How South Africa’s financial sector handles risks linked to social media by Nelson Mandela Metropolitan University Articles:
The main focus of debates about social media is increasingly about the risks involved with its use. This is particularly true when it comes to large companies. Combined with the use of smartphones, social media is, for many, blurring the lines between work and private life in ways that are legally complex and difficult to control.
The social media transformation has accelerated to the point where companies need to find the balance between allowing freedom of expression on one hand, and exercising some control on the other.
Organisations increasingly need to put procedures and practices in place to manage their reputation. There are risks involved as they and their stakeholders set out to engage with the wider community in the social web.
As part of our research, we contacted 14 financial institutions in South Africa to find out how they manage social media. The financial institutions included banks, investment banks and insurance companies. Nine agreed to take part in the survey. We have not disclosed their identities as some of the information we were given was confidential.
The financial sector manifests the following distinguishing characteristics that warrant their investigation. It:
is services industry orientated;
involves high risk management;
operates in a competitive market;
is considered a highly people-driven industry;
values client retention and attraction; and
relies on building and maintaining client trust.
High levels of engagement
The financial institutions involved in the survey confirmed that they manage their social media exposure through formal internal social media policies. Six institutions shared their employee social media policies with us.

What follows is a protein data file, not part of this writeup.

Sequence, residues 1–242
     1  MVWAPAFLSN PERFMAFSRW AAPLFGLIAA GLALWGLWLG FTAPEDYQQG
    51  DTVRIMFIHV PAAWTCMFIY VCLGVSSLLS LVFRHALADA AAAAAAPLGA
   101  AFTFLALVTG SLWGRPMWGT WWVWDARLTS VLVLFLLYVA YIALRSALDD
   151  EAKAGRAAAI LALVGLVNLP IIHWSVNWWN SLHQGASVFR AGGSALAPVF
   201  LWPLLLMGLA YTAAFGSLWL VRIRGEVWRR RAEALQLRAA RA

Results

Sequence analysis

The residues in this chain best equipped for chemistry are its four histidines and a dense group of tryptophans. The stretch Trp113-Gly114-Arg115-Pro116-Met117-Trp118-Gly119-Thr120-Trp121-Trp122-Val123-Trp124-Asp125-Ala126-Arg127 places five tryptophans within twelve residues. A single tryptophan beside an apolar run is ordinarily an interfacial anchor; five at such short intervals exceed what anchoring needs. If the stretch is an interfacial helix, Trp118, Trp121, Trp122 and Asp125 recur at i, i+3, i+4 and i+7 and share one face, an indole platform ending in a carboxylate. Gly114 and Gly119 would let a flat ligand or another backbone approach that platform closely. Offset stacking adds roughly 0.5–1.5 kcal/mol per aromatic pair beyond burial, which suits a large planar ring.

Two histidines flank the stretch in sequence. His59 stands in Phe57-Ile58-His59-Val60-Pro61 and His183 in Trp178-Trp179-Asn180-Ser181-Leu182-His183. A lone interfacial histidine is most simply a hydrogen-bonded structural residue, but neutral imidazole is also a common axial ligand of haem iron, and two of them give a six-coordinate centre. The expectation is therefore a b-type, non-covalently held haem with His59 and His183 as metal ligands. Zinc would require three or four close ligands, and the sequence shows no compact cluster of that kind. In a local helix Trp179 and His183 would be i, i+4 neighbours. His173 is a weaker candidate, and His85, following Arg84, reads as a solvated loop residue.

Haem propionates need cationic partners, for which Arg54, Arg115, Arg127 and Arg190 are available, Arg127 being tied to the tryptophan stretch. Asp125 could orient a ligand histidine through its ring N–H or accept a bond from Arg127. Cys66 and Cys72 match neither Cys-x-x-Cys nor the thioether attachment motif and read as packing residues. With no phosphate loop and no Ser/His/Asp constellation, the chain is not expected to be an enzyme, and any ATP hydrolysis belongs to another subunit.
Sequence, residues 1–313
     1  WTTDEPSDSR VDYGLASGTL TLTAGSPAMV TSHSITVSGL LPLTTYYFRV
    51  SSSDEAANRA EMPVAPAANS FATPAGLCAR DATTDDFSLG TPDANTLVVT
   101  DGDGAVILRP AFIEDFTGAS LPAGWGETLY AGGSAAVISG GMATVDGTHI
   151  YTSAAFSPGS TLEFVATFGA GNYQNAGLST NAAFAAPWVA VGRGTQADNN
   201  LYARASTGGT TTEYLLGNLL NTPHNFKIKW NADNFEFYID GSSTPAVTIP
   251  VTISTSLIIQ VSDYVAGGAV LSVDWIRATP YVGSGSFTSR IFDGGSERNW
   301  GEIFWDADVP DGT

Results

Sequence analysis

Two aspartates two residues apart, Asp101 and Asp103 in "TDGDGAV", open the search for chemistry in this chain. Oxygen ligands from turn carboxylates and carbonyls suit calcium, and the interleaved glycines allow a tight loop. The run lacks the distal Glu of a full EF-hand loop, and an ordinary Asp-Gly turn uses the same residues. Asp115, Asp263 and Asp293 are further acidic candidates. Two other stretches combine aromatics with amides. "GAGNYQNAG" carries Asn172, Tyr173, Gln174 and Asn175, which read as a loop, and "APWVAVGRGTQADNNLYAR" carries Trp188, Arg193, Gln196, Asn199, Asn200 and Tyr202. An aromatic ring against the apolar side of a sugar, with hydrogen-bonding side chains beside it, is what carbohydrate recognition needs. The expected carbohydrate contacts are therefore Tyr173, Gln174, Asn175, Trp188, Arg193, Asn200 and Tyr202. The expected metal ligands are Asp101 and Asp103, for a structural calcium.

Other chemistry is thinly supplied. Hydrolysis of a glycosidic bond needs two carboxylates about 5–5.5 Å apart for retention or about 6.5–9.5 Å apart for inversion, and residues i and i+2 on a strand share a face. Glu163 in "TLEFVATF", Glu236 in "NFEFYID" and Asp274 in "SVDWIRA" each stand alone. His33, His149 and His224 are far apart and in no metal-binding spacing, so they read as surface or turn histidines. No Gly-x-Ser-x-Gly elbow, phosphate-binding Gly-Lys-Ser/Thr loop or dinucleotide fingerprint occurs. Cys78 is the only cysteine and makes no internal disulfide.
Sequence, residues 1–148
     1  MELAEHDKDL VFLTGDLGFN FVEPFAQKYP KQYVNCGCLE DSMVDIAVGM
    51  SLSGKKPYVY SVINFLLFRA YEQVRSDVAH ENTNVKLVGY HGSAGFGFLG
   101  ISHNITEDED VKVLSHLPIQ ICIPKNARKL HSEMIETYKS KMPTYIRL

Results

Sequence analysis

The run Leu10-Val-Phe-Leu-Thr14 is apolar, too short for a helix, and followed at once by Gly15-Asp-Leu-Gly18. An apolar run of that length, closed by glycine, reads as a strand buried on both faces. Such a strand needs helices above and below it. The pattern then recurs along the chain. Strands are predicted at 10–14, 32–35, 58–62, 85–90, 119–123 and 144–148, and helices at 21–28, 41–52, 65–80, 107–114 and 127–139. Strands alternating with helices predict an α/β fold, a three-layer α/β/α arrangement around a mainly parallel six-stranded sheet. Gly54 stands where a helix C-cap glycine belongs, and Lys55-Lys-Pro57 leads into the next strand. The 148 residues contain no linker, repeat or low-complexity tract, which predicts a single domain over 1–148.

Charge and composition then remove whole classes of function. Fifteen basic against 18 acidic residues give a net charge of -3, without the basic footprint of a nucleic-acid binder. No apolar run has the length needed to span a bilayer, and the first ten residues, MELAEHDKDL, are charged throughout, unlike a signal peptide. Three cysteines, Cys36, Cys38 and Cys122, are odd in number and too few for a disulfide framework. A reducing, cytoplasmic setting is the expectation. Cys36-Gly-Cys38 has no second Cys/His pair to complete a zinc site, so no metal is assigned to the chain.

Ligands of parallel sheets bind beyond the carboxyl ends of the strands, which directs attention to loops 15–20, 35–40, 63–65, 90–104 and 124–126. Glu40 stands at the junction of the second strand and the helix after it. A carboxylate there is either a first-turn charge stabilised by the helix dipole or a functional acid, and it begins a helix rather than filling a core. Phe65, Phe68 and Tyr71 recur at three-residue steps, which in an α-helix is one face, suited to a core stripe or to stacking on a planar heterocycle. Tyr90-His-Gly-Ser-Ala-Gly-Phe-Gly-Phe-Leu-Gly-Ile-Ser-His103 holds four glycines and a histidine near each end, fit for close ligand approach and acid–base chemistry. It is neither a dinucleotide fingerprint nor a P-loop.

We read these in conjunction with the employee social media guidelines where these were provided. Guidelines were designed to provide additional assistance to staff. This helps them understand their role and responsibilities to the organisations when using social media and social networks.
The financial services sector has been under pressure to engage actively with social media and keep up with the times. The emphasis is not only on communication and networking, but also on making sure that social media is part of daily internal and external communications.
Managing risk is the biggest focus
Where the policy is located in an organisation is a clear indicator of which department has the strongest strategic interest in developing social media policy. It is also a sign that these departments have a larger stake in actively engaging and enhancing a company’s reputation.
The majority of the social media policies (50%) were under the risk section of the financial institution. Only 33% were in the marketing and public relations sections. For financial institutions managing risk is clearly the biggest priority.
A detailed analysis of the social media documents identified the following themes:
the majority (83%) focus on both risk and relationship building while 17% focus on risk only. Not one institution’s social media policy focus on relationship building only;
half (50%) made reference to brand, image and reputation while 17% focus on brand and image only;
all the documents (100%) directly refer to disciplinary action which enforces compliance; and
the majority (67%) offer both professional and personal guidelines in the use of social media.
The results show that the majority of financial institutions appreciate the value and opportunities provided by social media. It helps to establish and build a positive profile by engaging with external and internal stakeholders. At the same time, mitigating possible risks is equally important.
Compliance is taken seriously
The financial institutions ensure strict compliance with their policies.
Some organisations give staff detailed social media guidelines in addition to the formally approved policies. But staff do not always read the guidelines. To counteract this, some organisations provide staff with social media training. This is one way of ensuring compliance.
Financial institutions are clearly compliance driven and disciplinary actions were in place at all of those surveyed.
The emphasis on compliance is not only on communication and networking. It extends to daily operations with both internal and external communication. Thus the risks associated with social media are carefully managed at all levels in the organisation.
Financial institutions are taking the issue of managing social media seriously. In many respects they can be an example to other organisations. This is no guarantee that it will protect them from adverse commentary. But it is a necessary first step in risk and reputation management.
Amanda van den Berg receives funding from the NRF and NMMU.
Miemie Struwig does not work for, consult, own shares in or receive funding from any company or organization that would benefit from this article, and has disclosed no relevant affiliations beyond the academic appointment above.
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